Being Cognizant: New Year’s Resolutions

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A series about the ways I work towards being cognizant through decisions that make me more mentally engaged with various facets of my day-to-day life.

Cognizance (noun): Awareness, realization, notice, knowledge, perception.

It’s that time of year when small talk turns to the question, “So, did you come up with any new year resolutions?”

I like this time of year, because people often take some time think about themselves in a positive way, or at least with a growth mindset:

“I am going to start exercising regularly!” 
“I am going to have a green smoothie every day!” 
“I am going to stay on top of my readings this semester!”

(That last one was a joke, of course.)

While I do love goal-setting – a post on that is upcoming – I am not personally a fan of New Year’s Resolutions due to the way that they are typically approached by the goal setter.

“Why, Katie, would you not support one’s desire to make positive changes?” asked Seriously Irrelevant Holiday Cat.

Well, the thing is, I think that setting a goal with such a specific start date and not creating measurable steps to achieve it can be a dangerous activity, at least by way of achieving your goal and feeling confident in yourself.
New Year’s resolutions often involve making a significant change right away at the beginning of the year, on the first day, and making that your new standard to meet (e.g., no more candy, or 30 minutes on the treadmill three times per week). This, in my eyes, is a recipe for disaster, for a number of reasons.
The dawn of the new year: What are your goals?
Firstly, you are not easing into your goal.
You may be introducing a change in your life without gradually doing so, and this can make it difficult to stick to in the long-run (or even the short-run). If you choose to go with a 30-minute treadmill jog for the new year, you might find that it is incredibly difficult to accomplish this even once if you are not regularly doing something in this realm already. It can be disheartening to feel that your goal is not accomplishable because you were unable to achieve it right away. Creating a plan that involves building up to your goal over time using baby steps is a more sure-fire way to eventually attain a specific goal with a measurable outcome.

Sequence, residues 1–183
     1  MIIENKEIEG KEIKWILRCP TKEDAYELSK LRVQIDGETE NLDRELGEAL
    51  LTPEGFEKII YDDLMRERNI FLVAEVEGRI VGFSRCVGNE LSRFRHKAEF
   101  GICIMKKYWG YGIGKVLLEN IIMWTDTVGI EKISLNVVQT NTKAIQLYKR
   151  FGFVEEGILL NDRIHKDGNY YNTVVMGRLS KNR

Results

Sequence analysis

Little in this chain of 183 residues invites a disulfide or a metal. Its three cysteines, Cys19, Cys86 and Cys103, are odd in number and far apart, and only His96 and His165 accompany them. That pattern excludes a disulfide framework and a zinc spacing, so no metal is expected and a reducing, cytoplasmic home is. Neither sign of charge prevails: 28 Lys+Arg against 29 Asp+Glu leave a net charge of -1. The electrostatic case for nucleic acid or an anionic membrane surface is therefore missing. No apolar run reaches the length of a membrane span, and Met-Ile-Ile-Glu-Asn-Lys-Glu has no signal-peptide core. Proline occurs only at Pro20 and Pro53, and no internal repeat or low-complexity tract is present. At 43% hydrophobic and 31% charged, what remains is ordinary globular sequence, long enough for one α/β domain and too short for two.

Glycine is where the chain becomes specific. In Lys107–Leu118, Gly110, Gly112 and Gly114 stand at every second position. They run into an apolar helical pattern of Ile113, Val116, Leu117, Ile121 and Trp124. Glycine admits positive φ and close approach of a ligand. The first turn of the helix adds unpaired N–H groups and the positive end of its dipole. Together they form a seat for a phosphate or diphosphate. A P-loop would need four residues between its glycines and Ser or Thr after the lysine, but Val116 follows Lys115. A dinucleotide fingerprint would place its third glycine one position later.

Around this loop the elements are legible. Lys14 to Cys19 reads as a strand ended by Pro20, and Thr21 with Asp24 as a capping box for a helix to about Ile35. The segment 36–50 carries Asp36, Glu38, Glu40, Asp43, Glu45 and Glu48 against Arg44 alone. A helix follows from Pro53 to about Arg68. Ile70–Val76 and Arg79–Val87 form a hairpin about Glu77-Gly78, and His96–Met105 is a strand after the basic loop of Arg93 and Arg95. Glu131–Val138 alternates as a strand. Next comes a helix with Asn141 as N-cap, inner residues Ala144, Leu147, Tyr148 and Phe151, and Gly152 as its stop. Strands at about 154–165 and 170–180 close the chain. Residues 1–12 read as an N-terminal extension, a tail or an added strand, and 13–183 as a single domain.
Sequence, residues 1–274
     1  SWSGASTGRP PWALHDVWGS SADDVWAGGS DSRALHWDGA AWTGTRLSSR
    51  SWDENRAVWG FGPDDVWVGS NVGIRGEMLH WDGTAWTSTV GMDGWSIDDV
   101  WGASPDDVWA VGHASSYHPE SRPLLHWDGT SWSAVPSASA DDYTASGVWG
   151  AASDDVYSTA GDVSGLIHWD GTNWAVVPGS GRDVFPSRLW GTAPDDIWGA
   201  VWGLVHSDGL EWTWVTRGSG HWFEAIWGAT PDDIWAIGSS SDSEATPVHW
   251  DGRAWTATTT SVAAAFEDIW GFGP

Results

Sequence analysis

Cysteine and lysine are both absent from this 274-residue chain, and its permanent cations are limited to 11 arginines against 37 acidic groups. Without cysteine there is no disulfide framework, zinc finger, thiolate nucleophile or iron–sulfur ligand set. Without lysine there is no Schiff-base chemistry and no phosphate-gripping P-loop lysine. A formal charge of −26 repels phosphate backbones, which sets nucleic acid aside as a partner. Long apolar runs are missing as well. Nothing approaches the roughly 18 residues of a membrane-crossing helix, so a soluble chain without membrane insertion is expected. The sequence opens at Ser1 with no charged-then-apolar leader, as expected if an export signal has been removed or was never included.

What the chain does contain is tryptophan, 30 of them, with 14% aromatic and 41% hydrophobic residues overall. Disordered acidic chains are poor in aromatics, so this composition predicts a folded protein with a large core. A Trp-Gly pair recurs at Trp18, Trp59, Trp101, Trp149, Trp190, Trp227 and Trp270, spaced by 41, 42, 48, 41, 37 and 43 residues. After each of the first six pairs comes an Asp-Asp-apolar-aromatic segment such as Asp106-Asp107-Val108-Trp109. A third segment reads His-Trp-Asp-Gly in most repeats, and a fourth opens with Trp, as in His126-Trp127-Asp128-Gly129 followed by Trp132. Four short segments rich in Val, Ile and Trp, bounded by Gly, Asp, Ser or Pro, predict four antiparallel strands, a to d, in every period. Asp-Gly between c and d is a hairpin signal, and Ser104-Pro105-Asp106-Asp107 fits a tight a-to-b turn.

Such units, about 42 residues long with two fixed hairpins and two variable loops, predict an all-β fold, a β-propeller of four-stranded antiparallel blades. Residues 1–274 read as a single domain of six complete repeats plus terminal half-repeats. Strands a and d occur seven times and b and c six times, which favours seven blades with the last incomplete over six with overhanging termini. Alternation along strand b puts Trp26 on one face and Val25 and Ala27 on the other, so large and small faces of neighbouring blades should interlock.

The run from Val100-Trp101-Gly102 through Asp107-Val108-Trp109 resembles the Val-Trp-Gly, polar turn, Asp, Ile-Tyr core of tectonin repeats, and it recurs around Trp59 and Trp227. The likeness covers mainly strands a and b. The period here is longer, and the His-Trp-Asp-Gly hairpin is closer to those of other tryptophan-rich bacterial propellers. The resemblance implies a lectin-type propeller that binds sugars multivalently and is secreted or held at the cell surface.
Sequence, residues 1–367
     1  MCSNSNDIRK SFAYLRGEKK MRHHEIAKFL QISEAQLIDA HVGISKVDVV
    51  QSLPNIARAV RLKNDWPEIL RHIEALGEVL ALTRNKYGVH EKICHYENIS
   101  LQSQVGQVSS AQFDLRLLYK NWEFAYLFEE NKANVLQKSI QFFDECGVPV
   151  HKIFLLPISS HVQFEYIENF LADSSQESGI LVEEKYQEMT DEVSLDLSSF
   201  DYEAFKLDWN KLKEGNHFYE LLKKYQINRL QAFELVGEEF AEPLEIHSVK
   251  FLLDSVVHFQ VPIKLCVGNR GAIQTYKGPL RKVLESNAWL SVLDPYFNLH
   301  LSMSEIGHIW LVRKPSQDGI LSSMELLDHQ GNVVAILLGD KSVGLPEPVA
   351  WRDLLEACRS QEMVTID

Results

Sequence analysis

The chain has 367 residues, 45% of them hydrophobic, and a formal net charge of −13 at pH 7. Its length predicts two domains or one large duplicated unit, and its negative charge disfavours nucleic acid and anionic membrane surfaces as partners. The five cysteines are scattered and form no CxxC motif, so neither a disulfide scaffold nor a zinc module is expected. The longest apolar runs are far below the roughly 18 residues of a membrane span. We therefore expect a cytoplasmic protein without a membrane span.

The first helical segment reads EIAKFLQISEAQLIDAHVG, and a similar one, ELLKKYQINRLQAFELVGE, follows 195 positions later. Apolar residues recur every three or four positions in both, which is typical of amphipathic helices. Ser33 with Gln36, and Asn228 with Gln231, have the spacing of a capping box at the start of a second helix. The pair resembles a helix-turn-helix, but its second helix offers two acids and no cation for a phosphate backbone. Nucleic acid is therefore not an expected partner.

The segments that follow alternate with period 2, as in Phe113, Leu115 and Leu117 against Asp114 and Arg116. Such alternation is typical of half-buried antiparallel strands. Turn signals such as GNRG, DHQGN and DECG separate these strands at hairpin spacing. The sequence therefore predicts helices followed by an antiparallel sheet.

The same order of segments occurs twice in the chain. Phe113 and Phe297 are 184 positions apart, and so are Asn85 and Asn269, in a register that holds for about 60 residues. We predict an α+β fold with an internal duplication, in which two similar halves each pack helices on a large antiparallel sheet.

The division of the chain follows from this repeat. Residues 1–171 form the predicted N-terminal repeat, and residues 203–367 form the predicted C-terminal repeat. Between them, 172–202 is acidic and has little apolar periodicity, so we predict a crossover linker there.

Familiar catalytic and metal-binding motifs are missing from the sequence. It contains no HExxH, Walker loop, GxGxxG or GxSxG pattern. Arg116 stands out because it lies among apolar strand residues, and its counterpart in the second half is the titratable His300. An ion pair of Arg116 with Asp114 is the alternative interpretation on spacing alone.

Secondly, you have decided to start achieving this goal regularly on a particular date.
It’s great to set a deadline for yourself to begin working on a goal, but if your goal is lofty or something you are not accustomed to, you might find that once your deadline has passed… the motivation to pursue the resolution has also passed. Setting a deadline to begin working towards a goal is a better idea, rather than setting a deadline to begin achieving this goal on the regular. Reframing your thinking to, “Over the course of this year, I hope to work towards X,” is more powerful than, “Tomorrow I am going to begin regularly achieving X.”

Thirdly, your goal may be based on a perceived defect in yourself.
I am particularly wary of any resolutions that involve appearance, such as losing X number of pounds, getting a six-pack of abs, or attaining a size 0 in clothing (for women’s clothing, because apparently women should aspire to be nothing). These goals will lead to a sense of failure or incompetence if you are unable to achieve them and are based on physical attributes that may be outside of your control, which is a sign that you should not set the goals with this sort of language (or perhaps avoid setting these goals at all). If your appearance is going to be a part of your resolution at all, the goal itself should be within your control (such as healthy eating and exercise), whereas a change in appearance may be a by-product of that goal (such as increased muscle tone or loss of unhealthy fat). Further, any goals that are attempts to improve yourself for others? Make sure that you setting goals for yourself and that you are intrinsically motivated* to achieve them in the long-term.

If you are making New Year’s Resolutions this year, consider these three common barriers to achieving goals that you set for yourself and take the time to make a plan of attack for eventually succeeding in making the changes that you want to see in your world.

*Intrinsic motivation: Motivation that comes from within oneself, that originates from the individual, rather than coming from an external source (which would be extrinsic motivation).

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